Austin Armacost opens up for the first time about a very traumatic sexual assault that left him in fear of his life.

Today is World AIDS day and I think it is the right time to share a story that I have kept to myself for so many years. Why? Because only recently have I made the conscious, rational, and obvious decision to fix it.

Nearly ten years ago I was sexually assaulted in Chicago. To me that was the ‘Big city’ I had dreams and hopes of living in as soon as I had left my home town. I was out with somebody who I thought was a friend for a few drinks. As the evening progressed,  everything became very blurry and I woke up in this guy’s apartment two days later.

I KNEW within a few minutes that he had drugged me and during the time I was out of it he had had sex with me. Without me being aware of it.

Leaving the house in shock and in a panic I locked myself away in my apartment. And then something worse dawned on me that terrified me more – the guy was HIV positive.

At the time I was uneducated, misinformed, and full of stigma against the disease. I had been told myths and lies by my school, my church (which I was forced to attend for several years,) and even by my friends.

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After a week filled with crippling anxiety, heavy drinking, and no human contact I decided I had to take myself to the clinic to see what I needed to do if unfortunately something had been transmitted.

I got tested that day but the doctor told me that the incubation period could take up to three months so I’d need to test again later on. I never did.

What I did do was decide to learn about HIV and how it has effected our community as LGBT people, learn truths and not myths,  and try to ‘normalise’ my view on people who were living with it.

For the past nine years I have had this cross my mind every day.

As a result of the unwanted assault, I was terrified of sex for years following that experience. It haunted me every day. It also contributed a large part to my drug and alcohol abuse in my twenties.

I would see this person out and my body would literally shut down. Terror, fear, anxiety, hatred were just a few of the many emotions that would flood my brain every time I saw him. I was never able to confront him because I never got closure.

Now that I know my status I would and will confront him the next time I see him. I think often I got lucky (in retrospect) but have there been other people who have not been so lucky? Have their been guys who couldn’t cope with that sort of trauma?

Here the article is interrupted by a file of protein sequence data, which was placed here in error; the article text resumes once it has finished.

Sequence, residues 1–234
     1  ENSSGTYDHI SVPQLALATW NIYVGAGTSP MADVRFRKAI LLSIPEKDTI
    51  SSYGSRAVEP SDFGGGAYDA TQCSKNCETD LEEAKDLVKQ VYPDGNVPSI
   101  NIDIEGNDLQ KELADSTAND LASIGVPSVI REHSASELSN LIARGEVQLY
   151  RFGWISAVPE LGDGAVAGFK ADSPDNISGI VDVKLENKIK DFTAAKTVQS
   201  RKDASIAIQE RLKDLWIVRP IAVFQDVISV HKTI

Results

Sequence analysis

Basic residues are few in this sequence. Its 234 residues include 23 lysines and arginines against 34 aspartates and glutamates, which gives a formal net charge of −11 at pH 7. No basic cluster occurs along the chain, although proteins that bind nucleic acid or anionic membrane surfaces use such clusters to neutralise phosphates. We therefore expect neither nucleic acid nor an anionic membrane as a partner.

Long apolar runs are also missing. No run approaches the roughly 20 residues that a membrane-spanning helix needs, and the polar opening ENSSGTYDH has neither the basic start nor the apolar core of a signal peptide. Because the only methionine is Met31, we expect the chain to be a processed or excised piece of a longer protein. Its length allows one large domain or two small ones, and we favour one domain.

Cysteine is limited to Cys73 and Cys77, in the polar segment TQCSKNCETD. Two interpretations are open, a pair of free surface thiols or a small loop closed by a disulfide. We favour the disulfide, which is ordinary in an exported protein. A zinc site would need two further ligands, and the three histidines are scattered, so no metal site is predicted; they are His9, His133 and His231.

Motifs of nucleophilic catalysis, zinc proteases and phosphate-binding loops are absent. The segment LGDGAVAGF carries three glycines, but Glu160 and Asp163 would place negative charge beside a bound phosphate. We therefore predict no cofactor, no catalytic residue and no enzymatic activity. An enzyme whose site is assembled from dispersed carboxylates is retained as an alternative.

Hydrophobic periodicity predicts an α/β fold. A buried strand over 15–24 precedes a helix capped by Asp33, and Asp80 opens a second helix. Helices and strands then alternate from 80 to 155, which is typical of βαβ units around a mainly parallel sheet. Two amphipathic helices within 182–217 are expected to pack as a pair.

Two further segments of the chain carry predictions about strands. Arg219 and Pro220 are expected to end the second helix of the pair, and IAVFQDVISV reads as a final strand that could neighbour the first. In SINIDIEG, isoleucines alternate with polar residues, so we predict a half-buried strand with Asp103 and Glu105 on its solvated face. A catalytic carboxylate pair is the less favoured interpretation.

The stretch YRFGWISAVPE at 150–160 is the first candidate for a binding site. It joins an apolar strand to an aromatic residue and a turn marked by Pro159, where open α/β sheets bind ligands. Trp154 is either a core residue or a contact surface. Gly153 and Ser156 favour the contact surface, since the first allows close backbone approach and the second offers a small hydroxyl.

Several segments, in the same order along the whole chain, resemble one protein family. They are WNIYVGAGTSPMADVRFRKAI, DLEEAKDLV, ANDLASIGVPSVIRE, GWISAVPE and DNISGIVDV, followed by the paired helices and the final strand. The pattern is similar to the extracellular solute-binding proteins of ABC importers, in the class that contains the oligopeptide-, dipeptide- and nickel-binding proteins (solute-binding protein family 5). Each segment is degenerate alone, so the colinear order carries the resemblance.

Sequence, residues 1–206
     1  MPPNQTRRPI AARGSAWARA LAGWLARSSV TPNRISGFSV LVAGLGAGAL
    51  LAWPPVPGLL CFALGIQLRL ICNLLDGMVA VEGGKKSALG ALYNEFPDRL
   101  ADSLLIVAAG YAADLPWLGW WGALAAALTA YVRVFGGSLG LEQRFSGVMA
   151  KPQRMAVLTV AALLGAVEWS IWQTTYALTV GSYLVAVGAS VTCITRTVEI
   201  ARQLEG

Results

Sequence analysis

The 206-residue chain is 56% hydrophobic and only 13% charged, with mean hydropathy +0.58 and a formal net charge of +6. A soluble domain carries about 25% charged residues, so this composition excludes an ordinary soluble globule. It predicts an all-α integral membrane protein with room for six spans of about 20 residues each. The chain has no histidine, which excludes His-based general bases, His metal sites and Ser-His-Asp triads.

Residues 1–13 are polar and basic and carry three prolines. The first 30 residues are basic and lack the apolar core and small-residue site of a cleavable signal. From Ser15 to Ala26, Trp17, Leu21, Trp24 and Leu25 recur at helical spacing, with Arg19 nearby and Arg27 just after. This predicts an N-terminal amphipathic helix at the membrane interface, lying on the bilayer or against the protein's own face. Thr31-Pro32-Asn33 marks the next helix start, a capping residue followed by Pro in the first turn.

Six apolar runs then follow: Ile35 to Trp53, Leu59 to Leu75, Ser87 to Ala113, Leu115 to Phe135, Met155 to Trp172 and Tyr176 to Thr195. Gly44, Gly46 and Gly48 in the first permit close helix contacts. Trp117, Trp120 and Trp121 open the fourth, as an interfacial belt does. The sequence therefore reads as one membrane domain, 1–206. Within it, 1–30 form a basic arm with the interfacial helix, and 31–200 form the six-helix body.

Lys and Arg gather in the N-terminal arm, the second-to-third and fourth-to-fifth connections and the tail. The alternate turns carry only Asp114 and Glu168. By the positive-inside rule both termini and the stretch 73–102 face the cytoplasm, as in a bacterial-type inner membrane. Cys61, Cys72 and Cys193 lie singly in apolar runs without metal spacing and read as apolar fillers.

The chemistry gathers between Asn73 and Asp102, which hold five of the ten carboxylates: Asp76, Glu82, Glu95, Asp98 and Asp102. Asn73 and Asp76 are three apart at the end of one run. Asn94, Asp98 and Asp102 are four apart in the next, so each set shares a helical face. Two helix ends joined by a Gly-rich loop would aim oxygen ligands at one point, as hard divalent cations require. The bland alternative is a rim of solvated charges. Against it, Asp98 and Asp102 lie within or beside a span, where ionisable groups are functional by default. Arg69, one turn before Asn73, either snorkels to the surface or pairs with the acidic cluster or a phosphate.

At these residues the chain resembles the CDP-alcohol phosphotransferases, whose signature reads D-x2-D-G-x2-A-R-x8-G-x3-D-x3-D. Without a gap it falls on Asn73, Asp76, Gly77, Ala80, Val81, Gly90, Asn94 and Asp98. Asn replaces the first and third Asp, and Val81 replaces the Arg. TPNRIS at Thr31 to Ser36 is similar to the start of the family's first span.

Not going to get tested once because the sheer fear of seeing a positive result terrified me. I knew it was no longer a death sentence and that modern medication helps people lead happy, healthy, and for the most part comfortable lives.

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I recently met somebody who gave me the strength to stand up to those fears. He helped to put my mind at ease by encouraging me to get tested knowing that whatever my status was, the test would not change me, it would simply inform me.

After canceling twice, I reluctantly ended up in the clinic having a full screen done. I decided to do the rapid HIV test because even though I had lived with the unknown for so many years, I was mentally ready and prepared to know my status.

I sat weeping and sobbing as my blood was placed onto the testing strip and then the solution dropped in. Like so many gay men around the world the anxiety was all for nothing in the end.

I had lived my life scared of a disease that has been so monumentally stigmatized for so long, yet a five minute test all those years ago could have helped me avoid the years of fear and panic I went through.

After getting the all clear from my blood work I decided to learn more about PrEP and how it worked. Had that drug been available to me as well during that traumatic experience in Chicago, I wouldn’t have had an ounce of worry knowing how effective the pill is.
Having said all that, and having many friends who are on PrEP, I fully support it. Almost all of the people I know living with the disease were infected while under the influence of drugs or alcohol. Why not have a ‘safety net’? After all, we are human beings and we will make mistakes.

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I have seen a reduction in infection infection rates across the world where PrEP is commonly used. It is still our responsibility as adults to be as sexually responsible as we can and not rely on the drug to do all the work.

I am excited about the fact that PrEP is fully available in the United States and will hopefully soon be available in the UK. The NHS is currently considering which groups will be available to be put onto the drug.

The fact is PrEP will not only help prevent the spread of HIV, but it will save lives. Preventative medicine is vital in situations like this where it has been PROVEN 92%-99% effective for those who take it as prescribed.

With 40 million people worldwide living with HIV/AIDS, we can start to reduce that number little by little by preventing infections exposure by exposure.

The infection window is several weeks and you can test negative one day, and catch it the next – rendering you (positive) until you next get tested. In a situation where somebody is on Prep or treatment for HIV and their viral load is undetectable, the risk of transmission drops dramatically! PrEP is a game changer, and I am quite excited to see our community benefit from it over the coming years.

Have you had similar experiences to Austin. Get on touch at